The Minnesota DNR concluded in their Water Availability and Assessment report in 2020 that “compared to 20th-century averages, all of the 10 wettest and warmest years on record occurred after 1998.”

Moeckel said that if the state has aquifers showing downward trends, while experiencing more rainfall on average, “we should take a closer look at those sites.” While there may be more precipitation, there is also more groundwater use, nearly 3 billion gallons more each year.

Both Moeckel and Kramka shared that there are some areas of the state experiencing low water situations that are concerning and others that are not so concerning. Kramka noted an area near Marshall and another area near Crookston where there is a lack of water availability. Moeckel brought up the extensively studied Little Rock Creek area.

“There’s water availability issues around Crookston,” Kramka said. “It doesn’t mean that we can’t manage it and it doesn’t mean that we use Crookston as that surrogate for everywhere else. We shouldn’t.”

Within the DNR’s Water Availability and Assessment report is data showing that from 1985 to 2019, some water use was actually down in the state. The largest portion of Minnesota’s water use from surface water is for power generation. There’s been a decrease in that water use attributed to a decrease in water needed for power plant cooling — a use reduction of 33% from 2005 to 2019, according to the DNR.

Irrigator users have also attributed to decreases with conservation methods like soil moisture sensors that more accurately show when water is needed on crops.

Much like Kramka’s examples of localized areas that appear to be unharmed by extensive irrigation, Moeckel said there are localized areas that are concerningly low and proper actions should be taken in those areas.

On another note, Moeckel said looking at average water levels gives one picture but does not take into account the lowest lows or highest highs being recorded. If the lowest lows are lower than ever before, he said that’s not something to ignore.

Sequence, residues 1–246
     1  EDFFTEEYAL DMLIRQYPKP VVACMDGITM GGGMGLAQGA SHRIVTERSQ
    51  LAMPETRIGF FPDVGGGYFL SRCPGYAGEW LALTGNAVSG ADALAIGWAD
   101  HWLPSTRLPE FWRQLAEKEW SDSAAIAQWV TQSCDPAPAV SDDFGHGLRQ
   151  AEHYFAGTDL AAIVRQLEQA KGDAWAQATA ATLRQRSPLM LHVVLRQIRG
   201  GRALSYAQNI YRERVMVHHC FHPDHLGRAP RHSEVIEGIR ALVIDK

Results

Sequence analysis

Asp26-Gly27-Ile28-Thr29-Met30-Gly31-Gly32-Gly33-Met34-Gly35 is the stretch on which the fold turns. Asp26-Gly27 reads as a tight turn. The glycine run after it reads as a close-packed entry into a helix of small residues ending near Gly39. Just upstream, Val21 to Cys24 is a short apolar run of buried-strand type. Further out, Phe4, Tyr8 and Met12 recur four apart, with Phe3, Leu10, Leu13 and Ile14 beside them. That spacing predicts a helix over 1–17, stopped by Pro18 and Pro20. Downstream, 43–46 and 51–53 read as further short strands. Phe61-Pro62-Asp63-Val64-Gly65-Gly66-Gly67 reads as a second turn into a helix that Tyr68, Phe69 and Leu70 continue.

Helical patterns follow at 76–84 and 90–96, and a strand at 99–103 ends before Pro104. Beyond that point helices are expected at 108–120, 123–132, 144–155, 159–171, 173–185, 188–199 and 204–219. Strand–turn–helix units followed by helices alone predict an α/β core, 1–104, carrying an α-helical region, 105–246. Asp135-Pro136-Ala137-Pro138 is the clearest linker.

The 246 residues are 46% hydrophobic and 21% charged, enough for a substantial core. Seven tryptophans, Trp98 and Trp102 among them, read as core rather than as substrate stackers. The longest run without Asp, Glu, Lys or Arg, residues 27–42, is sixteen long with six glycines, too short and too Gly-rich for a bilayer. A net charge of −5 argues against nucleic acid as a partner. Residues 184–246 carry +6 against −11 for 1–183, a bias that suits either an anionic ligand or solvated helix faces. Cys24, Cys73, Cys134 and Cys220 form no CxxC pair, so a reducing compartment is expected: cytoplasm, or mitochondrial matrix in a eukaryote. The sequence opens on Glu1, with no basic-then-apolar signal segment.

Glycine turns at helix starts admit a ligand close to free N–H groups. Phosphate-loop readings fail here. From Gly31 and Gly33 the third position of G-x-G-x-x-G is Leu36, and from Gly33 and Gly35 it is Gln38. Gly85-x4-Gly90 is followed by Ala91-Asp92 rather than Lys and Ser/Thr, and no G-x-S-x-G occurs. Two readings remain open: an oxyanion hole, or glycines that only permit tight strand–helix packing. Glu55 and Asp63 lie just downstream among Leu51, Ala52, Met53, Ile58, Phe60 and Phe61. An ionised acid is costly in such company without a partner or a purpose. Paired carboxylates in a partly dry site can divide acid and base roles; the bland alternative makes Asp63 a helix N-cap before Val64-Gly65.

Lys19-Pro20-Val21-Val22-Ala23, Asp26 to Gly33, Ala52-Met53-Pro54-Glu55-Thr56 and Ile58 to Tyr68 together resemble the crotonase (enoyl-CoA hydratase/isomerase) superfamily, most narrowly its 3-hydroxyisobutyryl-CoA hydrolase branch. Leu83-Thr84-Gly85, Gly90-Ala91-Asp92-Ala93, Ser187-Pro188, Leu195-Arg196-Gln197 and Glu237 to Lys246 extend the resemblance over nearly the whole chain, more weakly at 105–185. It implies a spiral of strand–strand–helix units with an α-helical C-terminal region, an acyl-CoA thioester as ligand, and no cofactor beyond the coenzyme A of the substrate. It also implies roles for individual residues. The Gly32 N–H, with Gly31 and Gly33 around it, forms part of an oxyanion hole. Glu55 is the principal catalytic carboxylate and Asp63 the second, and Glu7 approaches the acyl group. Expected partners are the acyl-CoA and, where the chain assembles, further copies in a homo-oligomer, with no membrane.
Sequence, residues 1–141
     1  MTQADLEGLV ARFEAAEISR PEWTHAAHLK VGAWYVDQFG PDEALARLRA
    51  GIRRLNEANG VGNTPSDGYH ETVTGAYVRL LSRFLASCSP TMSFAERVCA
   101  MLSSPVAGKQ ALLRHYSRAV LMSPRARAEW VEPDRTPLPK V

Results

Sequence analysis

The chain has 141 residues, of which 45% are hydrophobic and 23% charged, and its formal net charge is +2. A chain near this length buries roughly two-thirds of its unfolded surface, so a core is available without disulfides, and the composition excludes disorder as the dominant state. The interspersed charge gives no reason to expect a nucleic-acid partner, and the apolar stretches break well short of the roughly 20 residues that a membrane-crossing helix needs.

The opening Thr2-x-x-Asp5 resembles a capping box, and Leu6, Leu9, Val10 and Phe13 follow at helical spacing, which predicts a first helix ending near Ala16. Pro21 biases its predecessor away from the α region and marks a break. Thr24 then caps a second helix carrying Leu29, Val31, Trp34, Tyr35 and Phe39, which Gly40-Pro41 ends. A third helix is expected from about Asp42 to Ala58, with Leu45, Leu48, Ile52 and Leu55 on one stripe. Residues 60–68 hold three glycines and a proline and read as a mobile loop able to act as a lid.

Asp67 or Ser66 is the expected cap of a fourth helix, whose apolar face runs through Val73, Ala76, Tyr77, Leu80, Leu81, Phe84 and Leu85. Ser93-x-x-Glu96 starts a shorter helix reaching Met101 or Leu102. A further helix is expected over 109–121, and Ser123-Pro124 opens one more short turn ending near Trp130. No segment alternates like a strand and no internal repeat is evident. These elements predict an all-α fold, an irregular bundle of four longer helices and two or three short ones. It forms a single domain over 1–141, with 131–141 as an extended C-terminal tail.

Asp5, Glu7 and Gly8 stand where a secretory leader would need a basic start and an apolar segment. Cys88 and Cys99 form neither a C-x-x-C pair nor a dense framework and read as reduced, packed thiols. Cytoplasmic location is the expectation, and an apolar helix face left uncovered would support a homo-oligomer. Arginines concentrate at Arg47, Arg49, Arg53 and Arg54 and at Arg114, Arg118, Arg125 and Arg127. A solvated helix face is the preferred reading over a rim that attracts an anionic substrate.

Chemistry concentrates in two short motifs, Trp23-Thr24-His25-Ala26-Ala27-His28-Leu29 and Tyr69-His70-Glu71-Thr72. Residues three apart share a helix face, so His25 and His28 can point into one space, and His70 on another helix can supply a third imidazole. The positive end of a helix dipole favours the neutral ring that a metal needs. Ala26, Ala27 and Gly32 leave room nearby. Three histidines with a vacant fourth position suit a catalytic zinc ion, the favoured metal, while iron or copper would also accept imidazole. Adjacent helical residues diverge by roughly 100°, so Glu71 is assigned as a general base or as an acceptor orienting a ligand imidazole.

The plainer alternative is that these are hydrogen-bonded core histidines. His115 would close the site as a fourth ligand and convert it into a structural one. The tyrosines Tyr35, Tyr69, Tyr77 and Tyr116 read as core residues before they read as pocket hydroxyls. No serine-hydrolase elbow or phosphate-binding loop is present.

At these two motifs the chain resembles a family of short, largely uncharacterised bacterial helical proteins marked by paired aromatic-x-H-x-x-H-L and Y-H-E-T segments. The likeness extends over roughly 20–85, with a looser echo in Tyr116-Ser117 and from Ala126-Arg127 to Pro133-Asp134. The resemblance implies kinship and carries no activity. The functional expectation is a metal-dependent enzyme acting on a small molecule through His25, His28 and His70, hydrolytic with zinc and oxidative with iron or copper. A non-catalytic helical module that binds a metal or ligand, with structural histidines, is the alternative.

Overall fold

Types of new irrigation nozzles are on display by vendors at the Irrigators Association of Minnesota convention in February 2024.Michael Johnson / Agweek

Minnesota irrigators want it to be known that they are making strides to use water wisely. Wildman shared that today’s irrigating farmers are using the latest technology to conserve water. He mentioned weather prediction models, soil moisture monitoring and evapotranspiration gauges being used by modern farms. These were mostly nonexistent just 10 years ago.

“I think we’re going to continue to get better,” Wildman said. “We do a really dang good job with what we do, with the tools we have,” Wildman said.

The big message that DNR staff like Moeckel hope to get across is that aquifers respond slowly to changes in climate patterns, but they respond fairly quickly to pumping.

“We can’t think about this as a statewide question. We really have to focus on local geographies, to understand what’s going on. Are there concerns? What’s the significance of the magnitude of those concerns? What sort of adjustments might be needed or not?” Moeckel said.

The “Land of 10,000 Lakes” is blessed with abundant water, as Wildman said, but how that water is used varies significantly across the state. One clear thing is that not everyone can tell the same story about what is or isn’t working.


Michael Johnson is the news editor for Agweek. He lives in rural Deer Creek, Minn., where he is starting to homestead with his two children and wife.
You can reach Michael at mjohnson@agweek.com or 218-640-2312.